Trick Turned Treat ~ Briana Robertson 36pgs
Incredibly vain and over-empowered…yet insecure…Chicory, fears aging. She has a sure-fire skin care regimen recipe for that though. And lucky for her, ingredients aren’t too terribly hard to come by for a woman of her cold and calculating feminine wiles.
So brutal, so…unnerving. I think I’m in mourning.
I went absolutely baby-bat-shit crazy for her Easter antho tale Baby Blues, it was so real and raw, I very much related. I could actually relate to certain elements of this one as well.
Briana is in my head, anxious to find out what we’re thinking next.

Pumpkin Rex ~ Lisa Morton 12pgs
High Schooler Devin loves Halloween and has saved up to buy the best, most traditional and distinguished, costume he could manage. His friend Maxx talks him into going to a rave, not overly enthused about it but hoping he’ll at least meet a cool girl, turns out it’s morphing into the rave of the millennia and some old traditions never die.
Lisa is a bonafide Halloween enthusiast expert, she has a nonfiction book out called Trick or Treat that explores the origins and pop culture fusion of this feared and revered, whimsically macabre holiday.

The First Shot ~ J.C. Michael 17pgs
Jealousy, scorn, and indifference lead a young woman to play a spiteful prank on Halloween. Encouraged by the voice of her racist and bigoted (aaand very deceased) grandfather, she watches from afar to see how her little show will play out.
It wasn’t until the end that I saw Oh Wow, this is a prequel to the grippingly awesome You Only Get One Shot novella that J.C. co-wrote with Kevin! So of course I had to go back and read it again with that in mind. YES, great story and I loved learning a bit of backstory for that big bad bitch. I hope he writes some more tales, adding even more layers to her mysterious and cold-blooded character.

Hallowed Be Thy ~ Stuart Keane 48pgs
Venturing back to the ominous Lake Whisper (that other S.K. has Castle Rock, this S.K. has Lake Whisper) yet again, we met sweet-natured Jack. He’s stoked cause he’s got a hot date with a gorgeous gal named Emma. It’s the sweetest Halloween treat he could possibly imagine….buuut this is Lake Whisper where salty and sour are the more predominant essences.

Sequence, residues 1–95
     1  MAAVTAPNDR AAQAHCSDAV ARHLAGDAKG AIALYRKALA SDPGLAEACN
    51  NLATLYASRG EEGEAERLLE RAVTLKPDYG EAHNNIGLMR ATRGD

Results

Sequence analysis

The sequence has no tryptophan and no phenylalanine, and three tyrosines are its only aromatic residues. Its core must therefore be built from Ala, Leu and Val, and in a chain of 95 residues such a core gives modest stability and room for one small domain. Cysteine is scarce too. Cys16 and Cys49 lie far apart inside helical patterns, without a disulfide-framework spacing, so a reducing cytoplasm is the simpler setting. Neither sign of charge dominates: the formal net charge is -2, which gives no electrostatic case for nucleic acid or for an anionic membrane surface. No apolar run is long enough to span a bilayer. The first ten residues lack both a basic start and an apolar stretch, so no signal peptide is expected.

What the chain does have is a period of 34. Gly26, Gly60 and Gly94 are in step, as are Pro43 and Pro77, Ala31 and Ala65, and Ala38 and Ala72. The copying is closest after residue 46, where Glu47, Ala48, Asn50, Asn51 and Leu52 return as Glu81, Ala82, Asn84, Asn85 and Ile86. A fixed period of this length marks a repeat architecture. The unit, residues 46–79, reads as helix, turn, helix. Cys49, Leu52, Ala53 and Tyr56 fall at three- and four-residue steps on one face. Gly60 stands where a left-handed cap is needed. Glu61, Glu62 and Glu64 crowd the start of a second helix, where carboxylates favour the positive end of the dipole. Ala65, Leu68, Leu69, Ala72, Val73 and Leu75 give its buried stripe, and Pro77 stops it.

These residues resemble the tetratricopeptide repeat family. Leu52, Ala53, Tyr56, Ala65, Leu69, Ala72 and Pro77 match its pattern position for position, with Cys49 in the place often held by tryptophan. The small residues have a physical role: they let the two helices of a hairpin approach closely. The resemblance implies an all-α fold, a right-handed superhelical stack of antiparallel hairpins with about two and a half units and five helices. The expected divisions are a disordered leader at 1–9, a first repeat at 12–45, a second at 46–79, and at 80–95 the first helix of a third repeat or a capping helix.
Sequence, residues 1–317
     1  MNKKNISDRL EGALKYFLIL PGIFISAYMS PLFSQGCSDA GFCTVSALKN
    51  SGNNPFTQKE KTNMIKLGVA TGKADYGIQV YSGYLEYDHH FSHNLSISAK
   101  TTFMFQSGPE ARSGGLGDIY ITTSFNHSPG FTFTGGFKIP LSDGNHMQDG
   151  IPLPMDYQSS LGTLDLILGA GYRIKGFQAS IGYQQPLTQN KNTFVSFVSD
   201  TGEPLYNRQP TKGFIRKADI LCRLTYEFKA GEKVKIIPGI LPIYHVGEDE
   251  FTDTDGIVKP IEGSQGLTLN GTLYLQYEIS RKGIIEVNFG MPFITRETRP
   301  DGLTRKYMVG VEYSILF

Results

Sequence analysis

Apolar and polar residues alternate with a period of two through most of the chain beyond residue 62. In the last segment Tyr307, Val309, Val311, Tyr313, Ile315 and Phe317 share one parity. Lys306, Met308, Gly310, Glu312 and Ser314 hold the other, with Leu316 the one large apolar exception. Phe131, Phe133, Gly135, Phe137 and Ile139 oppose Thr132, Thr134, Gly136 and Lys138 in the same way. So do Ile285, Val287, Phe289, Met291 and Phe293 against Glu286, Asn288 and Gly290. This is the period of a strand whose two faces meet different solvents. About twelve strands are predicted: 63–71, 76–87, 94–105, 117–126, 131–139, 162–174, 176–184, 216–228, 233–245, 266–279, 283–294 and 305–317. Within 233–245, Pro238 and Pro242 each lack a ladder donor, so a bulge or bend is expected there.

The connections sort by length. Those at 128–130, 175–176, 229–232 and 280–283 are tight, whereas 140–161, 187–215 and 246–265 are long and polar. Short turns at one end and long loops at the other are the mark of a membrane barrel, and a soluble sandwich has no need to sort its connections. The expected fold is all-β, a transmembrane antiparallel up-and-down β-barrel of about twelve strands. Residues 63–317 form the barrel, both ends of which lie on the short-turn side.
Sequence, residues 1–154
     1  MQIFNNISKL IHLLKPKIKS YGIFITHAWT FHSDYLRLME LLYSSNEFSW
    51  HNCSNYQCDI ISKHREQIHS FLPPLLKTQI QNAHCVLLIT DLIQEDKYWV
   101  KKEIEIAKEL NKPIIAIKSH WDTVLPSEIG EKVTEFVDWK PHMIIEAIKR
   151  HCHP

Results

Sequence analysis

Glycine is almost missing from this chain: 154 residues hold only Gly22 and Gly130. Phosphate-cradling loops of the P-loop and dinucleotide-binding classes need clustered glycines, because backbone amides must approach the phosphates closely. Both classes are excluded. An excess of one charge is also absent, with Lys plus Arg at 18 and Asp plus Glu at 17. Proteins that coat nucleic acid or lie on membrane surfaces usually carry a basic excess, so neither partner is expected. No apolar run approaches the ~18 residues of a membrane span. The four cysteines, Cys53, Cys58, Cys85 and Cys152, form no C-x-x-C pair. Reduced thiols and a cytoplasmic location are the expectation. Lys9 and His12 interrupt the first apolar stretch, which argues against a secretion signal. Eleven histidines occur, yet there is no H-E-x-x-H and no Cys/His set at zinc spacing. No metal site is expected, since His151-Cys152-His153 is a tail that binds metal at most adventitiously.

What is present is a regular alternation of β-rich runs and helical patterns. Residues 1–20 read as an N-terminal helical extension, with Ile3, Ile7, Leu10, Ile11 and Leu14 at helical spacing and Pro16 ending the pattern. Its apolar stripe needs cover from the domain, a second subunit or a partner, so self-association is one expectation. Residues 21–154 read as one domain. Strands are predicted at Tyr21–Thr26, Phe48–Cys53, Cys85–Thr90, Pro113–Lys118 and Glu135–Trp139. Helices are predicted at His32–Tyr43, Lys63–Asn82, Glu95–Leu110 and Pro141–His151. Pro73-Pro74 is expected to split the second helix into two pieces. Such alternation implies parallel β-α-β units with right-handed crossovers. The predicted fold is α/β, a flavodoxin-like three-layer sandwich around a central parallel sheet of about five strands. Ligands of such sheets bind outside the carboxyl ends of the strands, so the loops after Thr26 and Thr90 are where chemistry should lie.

I’ve read almost everything by Stuart Keane, he is a brilliant writer with a BIG future ahead of him.

Dressed For Success ~ Peter Oliver Wonder 11pgs
Troy finds a mysterious and untouched make-up kit tossed by a trash can at a local novelty stop. He’s oddly drawn to it and enjoys the different characters he can create and perform. You know how you feel like a different person when in costume, just unabashedly uninhibited and game for anything?? Well, Troy surpasses that infantile feeling when he dons his custom-made costume. Playing dress-up is so out-of-this-world euphoric.
Peter writes sharp and fun little stories. He’s been in all 3 anthologies and all 3 of his tales were stand-out memorable. He also has a new novella out called Puckered that he co-wrote with one of my very favorite writers, David Owain Hughes. I must read that soon!

The Halloween Phantoms ~ John R. Little 22pgs
Forlorn and damn near despondent Ellen is just going through the motions while still trying to take good care of her daughter. Halloween holds no fun or excitement for her and she’s especially not in the mood for any neighborhood boo games.
Oooh this was such a terrific and highly emotional story, very sad and disturbing. This is one that sticks with you…

Halloweenland ~ Kevin J. Kennedy 30pgs
Zak and Wendy are a couple of 13-year-old long time best friends that are on the cusp of a burgeoning and quite adorable little bout of puppy love. A Halloween carnival is coming to town and they are beyond excited, it’s very much their favorite time of year. This ain’t your family fun time kind of operation though; the carnies are weird, games are rigged, prizes are scant, and the stakes are high!
An action adventure coming of age tale with a dollop of pumpkin spice. Yep, it was a blast to read
and Kevin says it’s going to be a whole carnival series with different authors putting their spin on it. How interesting, I can see this going in many different directions.

That’s all of them and I did try really hard to pick a top 3 but even with my standard inflation, I still couldn’t manage to narrow it down to single digits. They are all pretty damn fantastic and top 3 worthy!

Ok Kevin, sooo….I have a proposition for you. 😀 😀
If you continue to do these 3 holidays collections yearly (inviting back your usual suspects as well as introducing us to new 1st time offenders), then I will continue to read and review them. However, and this is a dealbreaker, you must also add in a Mother’s Day and a Father’s Day anthology ~ that’d really make for some killer family fun time stories!
Yea…cause I can’t really think of any other UK/US crossover holiday’s, well, unless….hmmm do you guys celebrate Thanksgiving and Independence day??
Perfect, so, it’s settled. A cyber-shake (…down) deal, that is contractually binding. 😉
You made the right decision.
Cheerios!

Oh and completely off topic but still quite pertinent, it seems Cadbury creme eggs are not just for Easter anymore!! Screme Eggs are all the rage aaas my willpower whimpers, I’m just not strong enough to resist. Boo. :/

 

You can buy the book here: